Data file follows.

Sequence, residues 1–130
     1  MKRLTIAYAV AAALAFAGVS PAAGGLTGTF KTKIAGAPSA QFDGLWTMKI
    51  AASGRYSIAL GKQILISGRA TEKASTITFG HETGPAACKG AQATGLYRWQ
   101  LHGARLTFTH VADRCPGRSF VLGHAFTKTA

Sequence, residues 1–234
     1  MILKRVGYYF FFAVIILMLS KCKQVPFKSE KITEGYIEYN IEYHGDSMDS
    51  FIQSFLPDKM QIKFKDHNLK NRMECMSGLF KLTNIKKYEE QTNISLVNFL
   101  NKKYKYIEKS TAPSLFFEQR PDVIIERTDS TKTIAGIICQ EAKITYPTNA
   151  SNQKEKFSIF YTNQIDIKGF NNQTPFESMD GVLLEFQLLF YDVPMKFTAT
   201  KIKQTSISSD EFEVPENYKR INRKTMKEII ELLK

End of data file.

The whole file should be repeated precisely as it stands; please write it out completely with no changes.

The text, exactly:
Sequence, residues 1–130
     1  MKRLTIAYAV AAALAFAGVS PAAGGLTGTF KTKIAGAPSA QFDGLWTMKI
    51  AASGRYSIAL GKQILISGRA TEKASTITFG HETGPAACKG AQATGLYRWQ
   101  LHGARLTFTH VADRCPGRSF VLGHAFTKTA

Sequence, residues 1–234
     1  MILKRVGYYF FFAVIILMLS KCKQVPFKSE KITEGYIEYN IEYHGDSMDS
    51  FIQSFLPDKM QIKFKDHNLK NRMECMSGLF KLTNIKKYEE QTNISLVNFL
   101  NKKYKYIEKS TAPSLFFEQR PDVIIERTDS TKTIAGIICQ EAKITYPTNA
   151  SNQKEKFSIF YTNQIDIKGF NNQTPFESMD GVLLEFQLLF YDVPMKFTAT
   201  KIKQTSISSD EFEVPENYKR INRKTMKEII ELLK